Projects per year
The soils of tropical montane forests can act as sources or sinks of atmospheric methane (CH4). Understanding this activity is important in regional atmospheric CH4 budgets given that these ecosystems account for substantial portions of the landscape in mountainous areas like the Andes. We investigated the drivers of net CH4 fluxes from premontane, lower and upper montane forests, experiencing a seasonal climate, in south-eastern Peru. Between February 2011 and June 2013, these soils all functioned as net sinks for atmospheric CH4. Mean (standard error) net CH4 fluxes for the dry and wet season were −1.6 (0.1) and −1.1 (0.1) mg CH4-C m−2 d−1 in the upper montane forest, −1.1 (0.1) and −1.0 (0.1) mg CH4-C m−2 d−1 in the lower montane forest, and −0.2 (0.1) and −0.1 (0.1) mg CH4-C m−2 d−1 in the premontane forest. Seasonality in CH4 exchange varied among forest types with increased dry season CH4 uptake only apparent in the upper montane forest. Variation across these forests was best explained by available nitrate and water-filled pore space indicating that nitrate inhibition of oxidation or diffusional constraints imposed by changes in water-filled pore space on methanotrophic communities may represent important controls on soil–atmosphere CH4 exchange. Net CH4 flux was inversely related to elevation; a pattern that differs to that observed in Ecuador, the only other extant study site of soil–atmosphere CH4 exchange in the tropical Andes. This may result from differences in rainfall patterns between the regions, suggesting that attention should be paid to the role of rainfall and soil moisture dynamics in modulating CH4 uptake by the organic-rich soils typical of high-elevation tropical forests.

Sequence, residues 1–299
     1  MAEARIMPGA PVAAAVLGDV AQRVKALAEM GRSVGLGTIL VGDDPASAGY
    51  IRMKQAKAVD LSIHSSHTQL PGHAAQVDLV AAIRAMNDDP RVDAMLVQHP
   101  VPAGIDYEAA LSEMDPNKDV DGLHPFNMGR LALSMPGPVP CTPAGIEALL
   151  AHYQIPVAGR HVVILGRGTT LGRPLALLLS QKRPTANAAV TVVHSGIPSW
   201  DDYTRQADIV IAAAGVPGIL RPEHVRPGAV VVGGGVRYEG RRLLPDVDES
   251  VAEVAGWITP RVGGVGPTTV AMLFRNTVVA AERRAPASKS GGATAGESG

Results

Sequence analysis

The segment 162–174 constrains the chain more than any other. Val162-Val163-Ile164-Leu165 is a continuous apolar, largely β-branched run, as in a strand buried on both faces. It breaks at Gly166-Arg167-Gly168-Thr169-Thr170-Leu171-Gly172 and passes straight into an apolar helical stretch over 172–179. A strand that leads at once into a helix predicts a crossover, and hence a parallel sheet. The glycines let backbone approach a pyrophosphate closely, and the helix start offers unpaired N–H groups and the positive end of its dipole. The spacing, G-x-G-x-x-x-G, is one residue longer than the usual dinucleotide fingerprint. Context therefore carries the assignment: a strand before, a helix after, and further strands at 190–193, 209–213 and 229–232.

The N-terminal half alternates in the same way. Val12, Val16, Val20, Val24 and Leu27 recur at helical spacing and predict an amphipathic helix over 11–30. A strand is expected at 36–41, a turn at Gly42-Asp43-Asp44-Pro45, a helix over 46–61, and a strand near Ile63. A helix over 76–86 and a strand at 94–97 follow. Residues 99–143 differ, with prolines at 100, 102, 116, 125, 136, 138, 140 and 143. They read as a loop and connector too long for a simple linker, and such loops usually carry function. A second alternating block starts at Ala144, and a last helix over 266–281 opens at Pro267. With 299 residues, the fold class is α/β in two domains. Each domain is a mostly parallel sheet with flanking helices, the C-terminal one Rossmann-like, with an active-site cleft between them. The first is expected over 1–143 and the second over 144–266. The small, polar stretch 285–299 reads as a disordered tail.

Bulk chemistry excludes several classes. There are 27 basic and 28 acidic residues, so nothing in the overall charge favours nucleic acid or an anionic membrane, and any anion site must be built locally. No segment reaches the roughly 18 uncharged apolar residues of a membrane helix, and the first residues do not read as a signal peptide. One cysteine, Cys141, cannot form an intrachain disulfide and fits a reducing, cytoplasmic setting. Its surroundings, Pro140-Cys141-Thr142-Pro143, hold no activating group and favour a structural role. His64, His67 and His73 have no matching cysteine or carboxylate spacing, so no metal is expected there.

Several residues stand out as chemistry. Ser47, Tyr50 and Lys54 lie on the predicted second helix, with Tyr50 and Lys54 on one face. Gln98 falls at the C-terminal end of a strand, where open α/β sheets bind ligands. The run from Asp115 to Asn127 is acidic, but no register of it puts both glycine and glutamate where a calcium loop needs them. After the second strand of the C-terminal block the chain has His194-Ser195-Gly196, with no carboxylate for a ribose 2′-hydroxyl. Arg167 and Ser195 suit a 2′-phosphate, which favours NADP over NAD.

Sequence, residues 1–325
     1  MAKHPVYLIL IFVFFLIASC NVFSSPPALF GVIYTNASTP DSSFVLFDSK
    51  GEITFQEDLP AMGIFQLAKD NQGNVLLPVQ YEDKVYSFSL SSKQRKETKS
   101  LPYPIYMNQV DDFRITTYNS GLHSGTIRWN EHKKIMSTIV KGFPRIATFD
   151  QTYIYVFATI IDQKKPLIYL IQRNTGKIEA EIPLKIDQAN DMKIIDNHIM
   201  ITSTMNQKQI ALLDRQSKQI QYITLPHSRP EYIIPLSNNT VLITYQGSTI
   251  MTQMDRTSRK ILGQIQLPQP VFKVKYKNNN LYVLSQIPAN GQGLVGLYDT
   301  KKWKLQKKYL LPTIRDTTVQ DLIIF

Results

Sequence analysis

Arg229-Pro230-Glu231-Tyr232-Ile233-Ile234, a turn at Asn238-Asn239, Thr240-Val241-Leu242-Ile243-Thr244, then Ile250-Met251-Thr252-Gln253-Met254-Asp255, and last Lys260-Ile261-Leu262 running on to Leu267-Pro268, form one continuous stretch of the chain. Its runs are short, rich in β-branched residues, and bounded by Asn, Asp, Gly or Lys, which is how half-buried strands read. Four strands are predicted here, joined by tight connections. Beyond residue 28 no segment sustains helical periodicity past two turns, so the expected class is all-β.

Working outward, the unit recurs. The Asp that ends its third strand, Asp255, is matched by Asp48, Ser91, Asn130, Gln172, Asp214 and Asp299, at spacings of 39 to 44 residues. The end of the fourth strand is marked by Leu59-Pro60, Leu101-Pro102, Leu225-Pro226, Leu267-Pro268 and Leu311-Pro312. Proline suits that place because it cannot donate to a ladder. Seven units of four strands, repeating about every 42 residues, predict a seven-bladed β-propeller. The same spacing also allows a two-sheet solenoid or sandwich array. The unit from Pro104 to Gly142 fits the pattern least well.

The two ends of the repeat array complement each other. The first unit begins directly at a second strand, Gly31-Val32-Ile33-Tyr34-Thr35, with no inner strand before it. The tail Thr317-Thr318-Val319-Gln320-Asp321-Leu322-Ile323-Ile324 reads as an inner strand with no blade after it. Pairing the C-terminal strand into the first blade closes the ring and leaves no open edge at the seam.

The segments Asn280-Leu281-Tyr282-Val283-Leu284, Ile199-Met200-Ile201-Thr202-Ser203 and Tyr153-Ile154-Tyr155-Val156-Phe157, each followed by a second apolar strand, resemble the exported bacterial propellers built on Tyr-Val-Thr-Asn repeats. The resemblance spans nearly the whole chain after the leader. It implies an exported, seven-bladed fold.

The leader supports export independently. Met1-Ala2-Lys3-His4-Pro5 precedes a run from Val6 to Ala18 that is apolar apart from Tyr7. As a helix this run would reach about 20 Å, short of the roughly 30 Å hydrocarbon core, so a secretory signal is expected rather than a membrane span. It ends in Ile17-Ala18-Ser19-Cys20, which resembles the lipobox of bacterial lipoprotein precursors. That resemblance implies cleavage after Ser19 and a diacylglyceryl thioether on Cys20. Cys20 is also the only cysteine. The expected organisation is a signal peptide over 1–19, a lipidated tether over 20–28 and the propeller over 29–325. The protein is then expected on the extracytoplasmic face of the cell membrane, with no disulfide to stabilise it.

BIOLOGICAL CONTROLS ON SOIL RESPIRATION AND ITS CLIMATIC RESPONSE ACROSS A LARGE TROPICAL ELEVATION GRADIENT
1/06/11 → 16/12/13
1/03/10 → 31/01/14